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Master: To Slur, With Love



Master(Tamil, Amazon)

Starring Vijay, Vijay Sethupathi

Directed by Lokesh Kanagraj

Rating: ***

It takes  a Vijay to  bring them back to the theatres. Covid be damned, Master  has proven  a monster blaster at  the  boxoffice in the South. Now two weeks later it comes to us  on the streaming platform. But the fire-and-brimstone  impact  of  a demi-god striding  across  the screen as he takes on the  vile villains ,is lost at home.

To enjoy a Vijay starrer  you have to watch it with his  fans as they shriek their approval  every time he breaks a bone or breaks  into a dance. This  time  I have to admit the script  supports  the Tamil  superstar’s iconic  image with  twists and turns that are frenetic but  neither  incoherent nor disjointed. 

There is  none of that disdain for rules of  storytelling that we’ve seen  in the other recent Vijaystarrers. On the contrary  I’d say this is  the superstar’s  first genuine stab at a socio-political  relevance.At one point Vijay smirks  and says, “Some  here may not like me. But there are  millions out there  who  do,” drawing  attention to his  popularity  that  threatens  to  seep into politics.  

Vijay plays  JD(no idea what it stands for) a college lecturer hero-worshipped  by his students even though he is  notorious for his drinking habits.After  6 pm, he  is out of his senses, boast his admiring fan-pupils speaking of him in folklore  fashion, as though alcoholism was a form  of meditation. Which if you are Vijay,  it probably is.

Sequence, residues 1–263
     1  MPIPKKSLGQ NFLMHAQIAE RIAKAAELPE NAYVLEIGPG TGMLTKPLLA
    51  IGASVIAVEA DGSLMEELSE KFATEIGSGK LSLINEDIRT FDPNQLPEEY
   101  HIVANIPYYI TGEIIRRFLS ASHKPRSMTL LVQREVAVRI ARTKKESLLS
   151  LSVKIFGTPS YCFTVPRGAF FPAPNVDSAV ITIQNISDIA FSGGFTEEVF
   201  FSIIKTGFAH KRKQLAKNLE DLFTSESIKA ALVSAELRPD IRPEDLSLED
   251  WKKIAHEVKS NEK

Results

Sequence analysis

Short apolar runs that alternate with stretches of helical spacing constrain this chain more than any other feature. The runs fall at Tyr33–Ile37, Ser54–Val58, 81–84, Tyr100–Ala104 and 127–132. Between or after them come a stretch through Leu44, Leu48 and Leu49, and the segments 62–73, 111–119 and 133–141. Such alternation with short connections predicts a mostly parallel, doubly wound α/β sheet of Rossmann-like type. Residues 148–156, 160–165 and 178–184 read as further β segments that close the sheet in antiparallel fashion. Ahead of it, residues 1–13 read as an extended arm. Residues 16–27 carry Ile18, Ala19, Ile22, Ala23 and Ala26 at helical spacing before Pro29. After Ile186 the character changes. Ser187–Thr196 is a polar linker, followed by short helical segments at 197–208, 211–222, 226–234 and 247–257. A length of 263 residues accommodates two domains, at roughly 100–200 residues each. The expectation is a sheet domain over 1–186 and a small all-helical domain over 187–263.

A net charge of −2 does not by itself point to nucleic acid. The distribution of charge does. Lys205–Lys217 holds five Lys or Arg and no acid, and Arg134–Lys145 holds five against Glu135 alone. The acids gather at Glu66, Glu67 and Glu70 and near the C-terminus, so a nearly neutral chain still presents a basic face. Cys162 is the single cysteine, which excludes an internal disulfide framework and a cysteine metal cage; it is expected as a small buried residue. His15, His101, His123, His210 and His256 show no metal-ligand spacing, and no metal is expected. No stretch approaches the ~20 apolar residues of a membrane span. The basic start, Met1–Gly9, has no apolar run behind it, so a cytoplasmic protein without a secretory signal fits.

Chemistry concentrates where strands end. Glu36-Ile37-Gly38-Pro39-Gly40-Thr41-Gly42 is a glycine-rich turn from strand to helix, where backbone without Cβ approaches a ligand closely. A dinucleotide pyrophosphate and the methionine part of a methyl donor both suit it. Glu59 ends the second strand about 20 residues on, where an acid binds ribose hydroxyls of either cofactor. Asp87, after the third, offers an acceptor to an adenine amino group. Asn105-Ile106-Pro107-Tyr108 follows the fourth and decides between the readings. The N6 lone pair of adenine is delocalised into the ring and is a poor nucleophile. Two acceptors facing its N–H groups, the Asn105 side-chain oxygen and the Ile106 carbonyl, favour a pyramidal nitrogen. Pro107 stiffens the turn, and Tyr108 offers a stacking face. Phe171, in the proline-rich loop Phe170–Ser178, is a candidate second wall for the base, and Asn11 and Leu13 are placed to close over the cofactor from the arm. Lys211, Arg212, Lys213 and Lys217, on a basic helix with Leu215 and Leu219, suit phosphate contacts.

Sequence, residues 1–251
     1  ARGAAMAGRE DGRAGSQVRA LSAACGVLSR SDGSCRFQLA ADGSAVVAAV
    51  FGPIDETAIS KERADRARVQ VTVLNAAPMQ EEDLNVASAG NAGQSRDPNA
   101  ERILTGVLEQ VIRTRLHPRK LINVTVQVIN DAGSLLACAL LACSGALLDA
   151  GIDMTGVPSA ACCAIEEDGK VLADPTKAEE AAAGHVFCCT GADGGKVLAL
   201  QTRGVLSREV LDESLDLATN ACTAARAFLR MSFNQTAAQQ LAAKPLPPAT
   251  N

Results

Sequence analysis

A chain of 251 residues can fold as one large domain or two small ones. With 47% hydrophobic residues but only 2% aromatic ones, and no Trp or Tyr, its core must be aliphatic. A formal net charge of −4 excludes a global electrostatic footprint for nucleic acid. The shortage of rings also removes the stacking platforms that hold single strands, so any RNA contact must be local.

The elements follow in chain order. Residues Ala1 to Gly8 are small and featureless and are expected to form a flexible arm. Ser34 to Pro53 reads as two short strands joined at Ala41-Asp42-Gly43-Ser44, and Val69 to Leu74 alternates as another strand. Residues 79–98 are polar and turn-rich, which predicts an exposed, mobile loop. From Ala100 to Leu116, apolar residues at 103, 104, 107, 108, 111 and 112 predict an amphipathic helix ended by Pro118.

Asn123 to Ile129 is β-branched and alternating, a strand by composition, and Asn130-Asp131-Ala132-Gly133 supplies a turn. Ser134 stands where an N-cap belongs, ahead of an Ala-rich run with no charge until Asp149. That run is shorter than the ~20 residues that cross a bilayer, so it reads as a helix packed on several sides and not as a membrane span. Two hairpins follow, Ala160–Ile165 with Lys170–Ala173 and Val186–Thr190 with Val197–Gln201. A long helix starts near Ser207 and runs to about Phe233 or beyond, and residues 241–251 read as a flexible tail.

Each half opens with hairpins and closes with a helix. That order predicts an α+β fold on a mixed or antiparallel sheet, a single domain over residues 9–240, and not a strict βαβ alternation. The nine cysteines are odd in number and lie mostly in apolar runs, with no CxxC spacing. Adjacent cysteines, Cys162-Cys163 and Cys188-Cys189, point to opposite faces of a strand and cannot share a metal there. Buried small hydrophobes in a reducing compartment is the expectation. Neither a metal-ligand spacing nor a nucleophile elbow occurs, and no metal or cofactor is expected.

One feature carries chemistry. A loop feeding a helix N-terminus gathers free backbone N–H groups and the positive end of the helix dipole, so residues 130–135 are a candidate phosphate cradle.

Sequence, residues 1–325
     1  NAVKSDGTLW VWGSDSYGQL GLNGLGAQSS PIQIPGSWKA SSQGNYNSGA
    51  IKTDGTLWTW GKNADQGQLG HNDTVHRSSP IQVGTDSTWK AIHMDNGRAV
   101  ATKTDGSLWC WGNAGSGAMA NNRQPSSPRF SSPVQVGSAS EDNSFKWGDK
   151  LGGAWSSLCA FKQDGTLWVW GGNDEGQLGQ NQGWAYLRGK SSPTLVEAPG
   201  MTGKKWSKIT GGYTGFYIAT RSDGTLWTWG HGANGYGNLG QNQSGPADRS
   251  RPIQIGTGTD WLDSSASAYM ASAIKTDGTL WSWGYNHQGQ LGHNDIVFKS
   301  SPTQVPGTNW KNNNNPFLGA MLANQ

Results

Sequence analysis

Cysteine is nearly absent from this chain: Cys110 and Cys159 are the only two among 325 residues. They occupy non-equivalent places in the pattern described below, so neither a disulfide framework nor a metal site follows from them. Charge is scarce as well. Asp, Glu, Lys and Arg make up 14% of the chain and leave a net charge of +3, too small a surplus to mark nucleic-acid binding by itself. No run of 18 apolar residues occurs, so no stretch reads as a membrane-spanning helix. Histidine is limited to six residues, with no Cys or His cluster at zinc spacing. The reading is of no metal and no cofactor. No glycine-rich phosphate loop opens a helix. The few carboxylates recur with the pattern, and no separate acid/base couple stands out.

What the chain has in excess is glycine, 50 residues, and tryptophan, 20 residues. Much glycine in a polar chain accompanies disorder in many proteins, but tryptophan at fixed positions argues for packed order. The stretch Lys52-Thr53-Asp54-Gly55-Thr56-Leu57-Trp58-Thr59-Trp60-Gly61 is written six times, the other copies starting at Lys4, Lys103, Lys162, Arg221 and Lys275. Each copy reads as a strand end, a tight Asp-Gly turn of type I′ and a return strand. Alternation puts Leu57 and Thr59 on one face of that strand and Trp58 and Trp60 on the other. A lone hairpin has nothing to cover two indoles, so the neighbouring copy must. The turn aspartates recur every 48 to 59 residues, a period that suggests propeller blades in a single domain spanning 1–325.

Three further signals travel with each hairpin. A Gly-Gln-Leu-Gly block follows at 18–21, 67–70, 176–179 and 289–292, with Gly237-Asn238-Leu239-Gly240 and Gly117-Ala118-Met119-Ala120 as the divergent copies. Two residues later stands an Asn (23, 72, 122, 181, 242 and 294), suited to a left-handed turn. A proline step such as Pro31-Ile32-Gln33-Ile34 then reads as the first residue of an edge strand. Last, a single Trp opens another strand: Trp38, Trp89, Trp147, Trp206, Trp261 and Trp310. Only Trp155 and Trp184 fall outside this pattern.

It takes a Sethupathi to snap the  hero out of his stupor.  This lengthy  never-dull screen-adrenaline’s  biggest USP is  Sethupathi  as the cold-blooded brutal   antagonist, a crimelord who uses  children  from a remand home to do his dirty deeds. 

The plot structures itself  as a spiraling combat between the two Vijays. But the film  never  feels like  a pretext  to showcase  the two actors’ superstardom. There  is a  solid story to tell here.And director Lokesh Kangaraj isn’t  willing to let  go of a single  moment to milk the  enterainmentquotient. There is  an exceedingly riveting chase sequence on a Delhi’s metro train early in the film.But the climactic pow-wow between the  two Vijays looks  a bit hurried. What  comes  in-between  is a gala  feast  of fists  and fast-paced  action sequences punctuated with just the right dramatic pauses to  instill  that dual sense  of thrills and  emotions served  up at  dhoomtemperature.

  While  both the Vijays  have a terrific time provoking each  to  a climactic  release, Sethupathiwith his  dark  chilling villainy has an edge. Vijay  on the other hand is not afraid to  seem  vulnerable  on screen. His  emotional breakdown  after  a tragic  turn in the plot, is a welcome  departure from the  big-boys-don’t-cry brand of machismo propagated  in our films since  time immemorial.

The female characters, however, are abysmally  under-represented. This  was  also true  of  the director’s previous Tamil  film Kaithi. The cinematography  by Sathtam Sooryan  captures  the tension of  campus politics  and the  grime of the world  of  crime equally  effectively. But the  music  by Anirudha Ravichander including a strange rap number titled ‘Kutty’s Song’ strains to be relevant. This, the  film’s hero , never has  try for.

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